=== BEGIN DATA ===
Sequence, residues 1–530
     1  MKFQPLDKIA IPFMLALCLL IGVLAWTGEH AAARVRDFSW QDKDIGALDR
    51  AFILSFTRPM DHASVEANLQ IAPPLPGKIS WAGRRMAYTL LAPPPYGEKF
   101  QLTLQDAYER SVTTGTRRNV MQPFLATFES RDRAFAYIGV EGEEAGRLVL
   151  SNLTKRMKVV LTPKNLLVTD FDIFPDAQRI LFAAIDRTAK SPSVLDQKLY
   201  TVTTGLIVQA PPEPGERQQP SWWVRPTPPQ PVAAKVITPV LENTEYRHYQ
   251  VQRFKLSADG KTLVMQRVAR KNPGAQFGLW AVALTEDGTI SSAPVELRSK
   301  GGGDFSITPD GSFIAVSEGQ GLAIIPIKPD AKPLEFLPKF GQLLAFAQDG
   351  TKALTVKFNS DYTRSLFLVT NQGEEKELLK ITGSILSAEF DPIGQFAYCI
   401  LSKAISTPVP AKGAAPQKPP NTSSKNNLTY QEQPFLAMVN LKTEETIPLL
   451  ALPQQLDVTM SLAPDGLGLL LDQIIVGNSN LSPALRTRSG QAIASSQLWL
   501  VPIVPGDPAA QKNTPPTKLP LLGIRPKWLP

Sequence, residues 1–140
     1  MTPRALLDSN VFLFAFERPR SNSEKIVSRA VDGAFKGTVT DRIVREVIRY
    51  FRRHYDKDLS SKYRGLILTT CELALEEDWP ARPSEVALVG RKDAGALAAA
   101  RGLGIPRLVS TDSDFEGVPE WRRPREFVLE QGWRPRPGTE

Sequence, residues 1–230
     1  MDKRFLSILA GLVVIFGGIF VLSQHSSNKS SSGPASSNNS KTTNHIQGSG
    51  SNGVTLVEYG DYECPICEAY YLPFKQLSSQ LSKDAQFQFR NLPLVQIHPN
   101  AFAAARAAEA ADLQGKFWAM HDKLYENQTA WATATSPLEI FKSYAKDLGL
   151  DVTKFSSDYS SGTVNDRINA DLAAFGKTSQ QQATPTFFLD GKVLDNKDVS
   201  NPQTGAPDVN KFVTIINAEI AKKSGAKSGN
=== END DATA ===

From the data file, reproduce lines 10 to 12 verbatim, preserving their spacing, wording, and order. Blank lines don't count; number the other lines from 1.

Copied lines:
   401  LSKAISTPVP AKGAAPQKPP NTSSKNNLTY QEQPFLAMVN LKTEETIPLL
   451  ALPQQLDVTM SLAPDGLGLL LDQIIVGNSN LSPALRTRSG QAIASSQLWL
   501  VPIVPGDPAA QKNTPPTKLP LLGIRPKWLP